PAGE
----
Severed heads, bodies found in Iraq
Baghdad, January 29, 2008
Nine bodies and 10 severed heads were found on Tuesday in an abandoned field north of Baghdad in a region where US and Iraqi forces are pressing ahead with offensives against al Qaeda forces.
In the northern city of Mosul, a suicide car bomber killed one civilian and wounded 15 others in an attack on a US convoy, US and Iraqi security officials said.
The US military said none of its soldiers were wounded in the attack in Mosul, where extra Iraqi troops and police have been sent for a "decisive" final push against al Qaeda.
Five US soldiers were killed by a roadside bomb in a coordinated ambush in Mosul, 390 km (240 miles) north of Baghdad, on Monday.
Police made the gruesome discovery of the bodies and severed heads in a field in Muqdadiya, 90 km (55 miles) northeast of Baghdad in Diyala, one of Iraq's northern provinces where U.S.
and Iraqi forces are fighting Sunni Islamist al Qaeda.
Police said some of the nine complete bodies were partially decomposed while others had been killed more recently. The bodies were all handcuffed and blindfolded and had bullet wounds, police and hospital officials said.
The 10 heads found nearby were all also blindfolded, some with bullet wounds, said Ahmed Fouad, the chief of the morgue in Baquba hospital. Baquba is the provincial capital of ethnically and religiously mixed Diyala.
About 24,000 US troops and 50,000 Iraqi soldiers are taking part in operations in Iraq's northern provinces, part of a wider offensive that was launched early this month and takes in the southern outskirts of Baghdad.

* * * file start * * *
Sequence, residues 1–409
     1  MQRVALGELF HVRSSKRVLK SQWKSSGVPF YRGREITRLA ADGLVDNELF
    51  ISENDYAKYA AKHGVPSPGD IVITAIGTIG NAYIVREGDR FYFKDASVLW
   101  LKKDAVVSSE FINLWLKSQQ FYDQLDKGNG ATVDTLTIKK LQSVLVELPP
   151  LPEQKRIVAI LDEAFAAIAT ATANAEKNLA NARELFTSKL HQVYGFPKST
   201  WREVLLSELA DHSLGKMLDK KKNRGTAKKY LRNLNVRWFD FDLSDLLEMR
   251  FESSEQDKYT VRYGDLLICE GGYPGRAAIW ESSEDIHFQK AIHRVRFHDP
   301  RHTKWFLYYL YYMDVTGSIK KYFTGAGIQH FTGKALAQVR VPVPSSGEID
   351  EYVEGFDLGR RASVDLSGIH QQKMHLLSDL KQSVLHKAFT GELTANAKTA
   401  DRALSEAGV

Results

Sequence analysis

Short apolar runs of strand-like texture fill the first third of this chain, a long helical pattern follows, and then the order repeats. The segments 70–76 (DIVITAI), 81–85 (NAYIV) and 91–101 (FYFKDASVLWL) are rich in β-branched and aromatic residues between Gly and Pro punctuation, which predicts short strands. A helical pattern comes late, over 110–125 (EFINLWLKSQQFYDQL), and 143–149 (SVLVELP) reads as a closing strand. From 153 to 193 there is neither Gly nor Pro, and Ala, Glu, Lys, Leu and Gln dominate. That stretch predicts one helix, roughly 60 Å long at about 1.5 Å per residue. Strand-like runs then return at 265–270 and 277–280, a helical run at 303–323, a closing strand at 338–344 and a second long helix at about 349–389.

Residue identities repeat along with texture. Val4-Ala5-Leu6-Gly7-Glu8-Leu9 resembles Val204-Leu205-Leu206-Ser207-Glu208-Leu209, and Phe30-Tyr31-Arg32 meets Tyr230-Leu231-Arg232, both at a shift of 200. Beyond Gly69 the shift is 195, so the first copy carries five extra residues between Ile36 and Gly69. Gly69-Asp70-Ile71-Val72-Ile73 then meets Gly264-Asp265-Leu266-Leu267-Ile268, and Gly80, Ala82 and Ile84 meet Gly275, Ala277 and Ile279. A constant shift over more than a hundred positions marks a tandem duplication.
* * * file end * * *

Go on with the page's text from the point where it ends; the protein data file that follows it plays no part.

Those operations included assaults by a brigade of 5,000 U.S. troops and a division of Iraqis around Muqdadiya, a fertile part of the Diyala River Valley.
On January 9, the commander of US forces in northern Iraq, Major-General Mark Hertling, said five severed heads had been found in Diyala.
All had messsages scrawled in blood in Arabic on the foreheads warning that volunteers working with US-backed neighbourhood patrol groups would suffer the same fate.
Sharp falls in violence across Iraq have been attributed to the neighbourhood units, formed by mainly Sunni Arab sheikhs who turned against al Qaeda because of its indiscriminate killings, and an 30,000 extra US troops deployed last year.
Attacks across Iraq have fallen 60 percent since last June, but northern Iraq remains the biggest security headache for U.S.
and Iraqi forces.
Al Qaeda, blamed for most large-scale attacks in Iraq, and other insurgents regrouped in the north after being squeezed out of their former strongholds in western Anbar province and from around Baghdad during security crackdowns last year.
Mosul, Iraq's third-largest city and capital of Nineveh province, has been in the spotlight after Prime Minister Nuri al-Maliki said last week that Iraqi forces were preparing for a "decisive" offensive against al Qaeda in Iraq.
This followed a huge blast last week in Mosul, regarded by US commanders as al Qaeda's last urban stronghold in Iraq, which killed up to 50 people and wounded 220.
The blast was in an unoccupied building which the U.S.
military said had been used by al Qaeda to store tonnes of weapons and explosives. - Reuters